For the second knit of the Albright Peak Scarf, I dug out the pattern to knit the pattern as written rather the memory. Second time around, I learned a lot from knitting from the pattern several months after I posted it. Enough to the point, I rewrote the pattern and am issuing Rev. 1 for knitters. Mountain Man assisted with better photos. I think you’ll find it easier to knit this fun, fantastic pattern.
I loved how Moulton Barn knitted up. Since it is kettled dyed instead of hand painted, the colors don’t pool into splotches of color that distort the pattern. The colors had enough variety to not be boring but worked as an harmonious whole that allowed the pattern to shine.
Mountain Man is thrilled with the new Albright Peak Scarf to the point he’ll admit he’s glad of the yarn accident. I’m not willing to go that far. Knitting should not be a dog toy!
Autumn has blown right past us, leaving winter knocking on our door. The aspen leaves didn’t even get a chance to change color before dropping. After such a cold, wet, long spring, we had been hoping that perhaps we would get rewarded with a long, beautiful autumn. It was not meant to be.
The raft is put away, running shoes tucked away, shorts and t-shirts pushed to the back of the closet to make room for skis, sweaters, long wool socks and boots. A mug of tea and knitting have replaced my evening ritual of long walks to enjoy the evening sunset and watching the stars come out.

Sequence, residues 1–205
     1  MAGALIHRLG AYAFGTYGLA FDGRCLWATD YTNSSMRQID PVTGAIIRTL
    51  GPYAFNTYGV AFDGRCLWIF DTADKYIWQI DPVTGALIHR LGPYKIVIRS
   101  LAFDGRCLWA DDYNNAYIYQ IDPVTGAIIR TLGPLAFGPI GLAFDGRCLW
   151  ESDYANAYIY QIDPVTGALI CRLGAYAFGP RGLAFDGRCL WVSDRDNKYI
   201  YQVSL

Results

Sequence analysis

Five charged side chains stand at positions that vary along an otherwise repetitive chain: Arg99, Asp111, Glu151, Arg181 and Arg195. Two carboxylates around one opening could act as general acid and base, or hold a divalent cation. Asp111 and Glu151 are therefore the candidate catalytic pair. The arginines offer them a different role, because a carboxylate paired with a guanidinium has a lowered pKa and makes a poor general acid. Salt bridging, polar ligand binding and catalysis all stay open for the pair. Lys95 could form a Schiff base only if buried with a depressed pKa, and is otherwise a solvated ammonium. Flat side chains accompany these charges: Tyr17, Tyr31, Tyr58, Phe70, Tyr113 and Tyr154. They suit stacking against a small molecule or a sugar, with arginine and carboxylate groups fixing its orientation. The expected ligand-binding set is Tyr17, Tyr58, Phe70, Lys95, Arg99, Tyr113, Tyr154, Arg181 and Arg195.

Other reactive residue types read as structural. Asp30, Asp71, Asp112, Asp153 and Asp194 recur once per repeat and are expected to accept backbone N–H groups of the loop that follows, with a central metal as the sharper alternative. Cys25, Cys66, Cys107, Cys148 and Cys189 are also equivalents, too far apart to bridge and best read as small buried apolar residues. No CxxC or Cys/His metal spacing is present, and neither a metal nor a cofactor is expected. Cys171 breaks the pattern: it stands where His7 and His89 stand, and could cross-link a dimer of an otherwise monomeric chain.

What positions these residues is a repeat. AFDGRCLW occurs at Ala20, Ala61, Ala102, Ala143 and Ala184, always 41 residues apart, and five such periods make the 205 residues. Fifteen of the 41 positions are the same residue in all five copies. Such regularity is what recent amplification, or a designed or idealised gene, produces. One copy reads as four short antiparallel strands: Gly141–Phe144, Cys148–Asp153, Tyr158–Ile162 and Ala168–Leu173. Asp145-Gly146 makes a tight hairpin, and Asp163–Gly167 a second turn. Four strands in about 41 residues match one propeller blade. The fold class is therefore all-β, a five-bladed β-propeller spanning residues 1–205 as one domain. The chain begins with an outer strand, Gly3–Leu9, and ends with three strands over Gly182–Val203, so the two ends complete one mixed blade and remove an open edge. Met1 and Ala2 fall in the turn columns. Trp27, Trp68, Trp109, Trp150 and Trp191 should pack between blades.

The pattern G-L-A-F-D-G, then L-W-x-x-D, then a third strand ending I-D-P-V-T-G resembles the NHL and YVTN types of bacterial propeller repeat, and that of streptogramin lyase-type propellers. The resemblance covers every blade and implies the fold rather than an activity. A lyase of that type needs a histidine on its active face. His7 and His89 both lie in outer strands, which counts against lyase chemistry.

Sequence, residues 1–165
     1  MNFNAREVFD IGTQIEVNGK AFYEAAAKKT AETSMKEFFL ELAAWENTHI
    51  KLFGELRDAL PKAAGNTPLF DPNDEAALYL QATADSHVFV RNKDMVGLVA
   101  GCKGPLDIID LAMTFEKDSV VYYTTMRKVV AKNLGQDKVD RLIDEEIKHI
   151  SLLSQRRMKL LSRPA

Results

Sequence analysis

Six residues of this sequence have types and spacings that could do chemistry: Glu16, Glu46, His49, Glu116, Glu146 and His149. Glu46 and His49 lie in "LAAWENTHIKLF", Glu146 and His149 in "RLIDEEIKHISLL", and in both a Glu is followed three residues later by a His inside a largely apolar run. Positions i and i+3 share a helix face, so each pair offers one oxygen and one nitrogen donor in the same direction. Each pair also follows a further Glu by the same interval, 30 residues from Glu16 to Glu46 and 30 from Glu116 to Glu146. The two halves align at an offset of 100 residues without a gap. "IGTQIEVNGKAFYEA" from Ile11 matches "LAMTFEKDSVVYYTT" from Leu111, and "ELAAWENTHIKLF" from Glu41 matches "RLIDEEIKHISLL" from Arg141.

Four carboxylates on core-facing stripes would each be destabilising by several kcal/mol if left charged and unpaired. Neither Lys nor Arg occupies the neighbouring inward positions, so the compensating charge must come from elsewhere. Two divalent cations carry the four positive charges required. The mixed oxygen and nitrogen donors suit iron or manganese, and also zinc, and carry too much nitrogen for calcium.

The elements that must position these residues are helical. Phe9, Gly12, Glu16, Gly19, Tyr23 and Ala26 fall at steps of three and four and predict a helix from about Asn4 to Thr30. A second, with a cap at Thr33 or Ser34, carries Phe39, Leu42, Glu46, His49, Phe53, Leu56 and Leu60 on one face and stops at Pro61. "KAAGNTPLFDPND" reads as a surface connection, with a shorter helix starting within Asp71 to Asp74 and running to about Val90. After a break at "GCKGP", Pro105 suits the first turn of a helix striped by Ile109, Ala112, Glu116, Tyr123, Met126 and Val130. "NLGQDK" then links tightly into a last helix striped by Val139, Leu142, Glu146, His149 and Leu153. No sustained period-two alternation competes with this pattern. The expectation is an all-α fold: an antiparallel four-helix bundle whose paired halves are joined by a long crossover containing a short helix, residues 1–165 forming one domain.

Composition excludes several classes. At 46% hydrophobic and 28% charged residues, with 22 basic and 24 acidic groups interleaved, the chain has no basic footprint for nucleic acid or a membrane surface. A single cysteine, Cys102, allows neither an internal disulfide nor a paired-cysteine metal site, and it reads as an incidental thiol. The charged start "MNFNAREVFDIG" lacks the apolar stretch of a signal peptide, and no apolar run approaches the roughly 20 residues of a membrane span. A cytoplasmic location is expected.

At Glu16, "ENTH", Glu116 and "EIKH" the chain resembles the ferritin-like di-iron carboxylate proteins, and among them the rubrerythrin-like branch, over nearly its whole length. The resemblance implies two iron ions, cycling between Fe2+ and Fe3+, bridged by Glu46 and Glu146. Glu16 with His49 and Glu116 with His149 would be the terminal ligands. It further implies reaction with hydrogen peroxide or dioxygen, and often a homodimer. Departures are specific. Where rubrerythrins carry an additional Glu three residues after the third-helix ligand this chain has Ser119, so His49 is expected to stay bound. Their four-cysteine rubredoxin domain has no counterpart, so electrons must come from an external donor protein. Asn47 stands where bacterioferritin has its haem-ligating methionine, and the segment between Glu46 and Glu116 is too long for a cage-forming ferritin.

Unfortunately, one of the down sides of cold weather is packing up the dye barn for the year. Now, I’m reduced to one dyepot in the kitchen and my dyeing supplies tucked into odd nooks and crannies in the kitchen. So far, I’m managing with the balancing act. Mountain Man hasn’t grumbled too much of dye experiments taking over the kitchen after the dinner dishes are put away, or complained about the constant tubs of yarn soaking in the bathroom. Perhaps, by spring, he’ll be more willing to listen when I speak up about insulating the dye barn and installing heat in there. But we’ll see.